Memory Tapes, meanwhile, provides less immediate thrills, as Hawk buries his voice deep within complex, yet engaging, soundscapes, whether a summery haze of guitars or the melancholy New Order-style coda that closes stand-out track "Bicycles". Hawk, though, denies he is especially reclusive. Of his decision to go solo, he says, "With Hail Social there were other people and their ambitions making me feel pulled in different directions."

Seek Magic dropped last autumn to wide acclaim and Hawk hopes to build on that critical support with a European tour next month. While very different to Owl City, the East Coast artist also prefers making music at night, something that may have a similar otherworldly effect. "I think maybe the tracks have a sort of introverted quality to them," he says. "Like, if I make a club track, it usually ends up more like a dream of a club track than a functional [piece of music]."

Hawk, too, originally came to attention through the internet, having quietly developed his sound by posting tracks online under the names Memory Cassette and Weird Tapes.

"It doesn't really matter if people like them or they become popular," he says. "I just like getting stuff out, 'cause then I feel finished with it. In the past you would make a record and then sit on it for two years while a label worked it into their release schedule. The internet offers a way around that system."

US bloggers have lumped Neon Indian and Toro Y Moi in with Memory Tapes to form the chillwave genre. Hawk is unimpressed with this turn of events. "I really don't like the idea of genres in general, and sub-sub-sub genres that are created on blogs or message boards as a joke, but then stick out of journalistic laziness, are even worse. I don't know the other "chillwave" artists and certainly have no problem with anyone, but I think you do artists a disservice when you categorise them right out of the gate. Better to let things develop."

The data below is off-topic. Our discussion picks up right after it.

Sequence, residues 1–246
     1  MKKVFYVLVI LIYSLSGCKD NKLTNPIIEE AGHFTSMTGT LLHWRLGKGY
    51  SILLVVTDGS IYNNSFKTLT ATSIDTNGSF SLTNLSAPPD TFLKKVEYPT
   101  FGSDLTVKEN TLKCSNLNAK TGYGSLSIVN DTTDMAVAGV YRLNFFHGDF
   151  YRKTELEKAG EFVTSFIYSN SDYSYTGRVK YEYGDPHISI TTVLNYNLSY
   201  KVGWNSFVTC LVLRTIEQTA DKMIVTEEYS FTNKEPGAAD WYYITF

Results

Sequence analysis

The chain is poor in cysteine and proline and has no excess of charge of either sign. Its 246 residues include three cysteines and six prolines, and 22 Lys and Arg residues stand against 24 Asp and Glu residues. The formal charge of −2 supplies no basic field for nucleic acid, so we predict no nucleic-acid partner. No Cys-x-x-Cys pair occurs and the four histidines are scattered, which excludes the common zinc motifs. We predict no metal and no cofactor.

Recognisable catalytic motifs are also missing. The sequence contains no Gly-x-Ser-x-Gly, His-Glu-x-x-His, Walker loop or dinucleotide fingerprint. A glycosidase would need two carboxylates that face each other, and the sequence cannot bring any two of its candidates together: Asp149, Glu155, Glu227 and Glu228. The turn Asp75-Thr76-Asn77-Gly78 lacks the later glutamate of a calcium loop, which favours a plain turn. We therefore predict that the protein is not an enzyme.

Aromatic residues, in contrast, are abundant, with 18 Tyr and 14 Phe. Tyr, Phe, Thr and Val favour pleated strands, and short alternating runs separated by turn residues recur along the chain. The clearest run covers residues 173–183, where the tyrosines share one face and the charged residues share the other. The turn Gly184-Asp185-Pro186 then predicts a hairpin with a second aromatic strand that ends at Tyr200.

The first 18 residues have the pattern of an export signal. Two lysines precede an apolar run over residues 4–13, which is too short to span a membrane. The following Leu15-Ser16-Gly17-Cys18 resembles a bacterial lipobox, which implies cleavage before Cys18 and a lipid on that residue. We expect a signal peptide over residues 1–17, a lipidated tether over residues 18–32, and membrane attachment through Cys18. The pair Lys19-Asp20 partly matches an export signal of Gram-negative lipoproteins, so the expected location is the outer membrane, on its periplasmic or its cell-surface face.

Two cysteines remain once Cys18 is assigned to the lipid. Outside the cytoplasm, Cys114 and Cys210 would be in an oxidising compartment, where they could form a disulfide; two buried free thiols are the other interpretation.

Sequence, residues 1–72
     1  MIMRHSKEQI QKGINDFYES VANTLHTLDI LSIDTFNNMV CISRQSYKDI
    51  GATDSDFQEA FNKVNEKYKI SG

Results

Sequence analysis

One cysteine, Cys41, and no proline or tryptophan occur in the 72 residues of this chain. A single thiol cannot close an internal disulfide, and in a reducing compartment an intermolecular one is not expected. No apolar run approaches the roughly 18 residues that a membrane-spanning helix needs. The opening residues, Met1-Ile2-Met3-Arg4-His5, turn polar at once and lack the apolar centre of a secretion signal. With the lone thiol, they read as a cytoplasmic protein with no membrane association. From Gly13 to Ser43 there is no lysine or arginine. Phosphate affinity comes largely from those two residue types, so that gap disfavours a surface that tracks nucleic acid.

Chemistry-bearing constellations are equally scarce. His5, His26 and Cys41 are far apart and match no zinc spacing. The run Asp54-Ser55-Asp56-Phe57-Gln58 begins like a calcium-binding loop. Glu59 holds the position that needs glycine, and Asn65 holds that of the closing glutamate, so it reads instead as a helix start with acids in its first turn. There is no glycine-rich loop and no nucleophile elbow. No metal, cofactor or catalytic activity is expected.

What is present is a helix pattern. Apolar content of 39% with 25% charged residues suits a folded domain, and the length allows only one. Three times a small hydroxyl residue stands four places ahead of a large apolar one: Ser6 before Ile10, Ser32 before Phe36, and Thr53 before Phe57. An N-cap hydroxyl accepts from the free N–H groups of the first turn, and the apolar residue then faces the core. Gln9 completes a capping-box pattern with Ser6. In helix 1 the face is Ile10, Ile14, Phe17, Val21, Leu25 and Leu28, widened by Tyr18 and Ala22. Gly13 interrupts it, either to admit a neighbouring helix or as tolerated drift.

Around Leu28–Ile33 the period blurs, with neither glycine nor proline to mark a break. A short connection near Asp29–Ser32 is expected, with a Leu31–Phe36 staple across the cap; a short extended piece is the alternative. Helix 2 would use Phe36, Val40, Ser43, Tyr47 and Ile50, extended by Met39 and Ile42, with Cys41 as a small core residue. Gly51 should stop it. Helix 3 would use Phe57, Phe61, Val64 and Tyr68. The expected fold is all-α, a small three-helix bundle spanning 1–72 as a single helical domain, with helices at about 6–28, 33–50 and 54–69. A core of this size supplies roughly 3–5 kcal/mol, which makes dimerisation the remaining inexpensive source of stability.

Of course, many artists have chosen to take up exotic names to draw attention away from their true identities, think of Vini Reilly as Durutti Column, or Damon Gough as Badly Drawn Boy, though while Reilly and Gough relied on relationships with backing musicians and producers, this current crop share a self-containment and self-sufficiency beyond any musical similarities. The closest predecessor for many of them would be one-hit wonder White Town. Jyoti Mishra formed his band in the late Eighties, but after its final line-up imploded, he continued as a synth-based solo act and hit the big time when his track "Your Woman" made waves. Picked up by EMI, it got to No1 in 1997 and White Town's album sold nearly half a million copies in the US.

His label found itself struggling to develop this thirtysomething leftie. As Mishra explains, "Inevitably, it didn't last. The pressures of promotion, fame and the internecine feuding at EMI drove me bonkers. So I quit. That, and EMI were very keen to drop me."

What happened next may be instructive for Owl City as he enjoys global fame: the Derby-based performer has continued White Town as an occasional indie project, but has no regrets about his fleeting success – as he points out, it's "better than being a no-hit wonder".

Owl City's album 'Ocean Eyes' is released on Island Records 15 February